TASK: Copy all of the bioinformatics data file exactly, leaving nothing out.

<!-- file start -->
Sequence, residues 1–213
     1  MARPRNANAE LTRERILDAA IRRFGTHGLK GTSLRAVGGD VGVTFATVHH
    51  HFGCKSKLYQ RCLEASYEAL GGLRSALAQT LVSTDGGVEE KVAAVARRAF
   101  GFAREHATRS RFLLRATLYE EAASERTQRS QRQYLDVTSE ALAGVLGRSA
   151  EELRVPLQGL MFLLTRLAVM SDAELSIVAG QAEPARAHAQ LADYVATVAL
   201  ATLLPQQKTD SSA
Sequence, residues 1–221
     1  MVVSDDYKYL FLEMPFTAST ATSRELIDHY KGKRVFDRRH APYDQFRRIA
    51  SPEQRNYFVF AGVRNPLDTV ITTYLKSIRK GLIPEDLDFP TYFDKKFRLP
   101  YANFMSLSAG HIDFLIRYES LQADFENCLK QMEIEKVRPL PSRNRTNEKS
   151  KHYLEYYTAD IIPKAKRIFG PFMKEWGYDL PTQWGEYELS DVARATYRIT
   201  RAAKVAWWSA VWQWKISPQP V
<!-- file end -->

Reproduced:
Sequence, residues 1–213
     1  MARPRNANAE LTRERILDAA IRRFGTHGLK GTSLRAVGGD VGVTFATVHH
    51  HFGCKSKLYQ RCLEASYEAL GGLRSALAQT LVSTDGGVEE KVAAVARRAF
   101  GFAREHATRS RFLLRATLYE EAASERTQRS QRQYLDVTSE ALAGVLGRSA
   151  EELRVPLQGL MFLLTRLAVM SDAELSIVAG QAEPARAHAQ LADYVATVAL
   201  ATLLPQQKTD SSA
Sequence, residues 1–221
     1  MVVSDDYKYL FLEMPFTAST ATSRELIDHY KGKRVFDRRH APYDQFRRIA
    51  SPEQRNYFVF AGVRNPLDTV ITTYLKSIRK GLIPEDLDFP TYFDKKFRLP
   101  YANFMSLSAG HIDFLIRYES LQADFENCLK QMEIEKVRPL PSRNRTNEKS
   151  KHYLEYYTAD IIPKAKRIFG PFMKEWGYDL PTQWGEYELS DVARATYRIT
   201  RAAKVAWWSA VWQWKISPQP V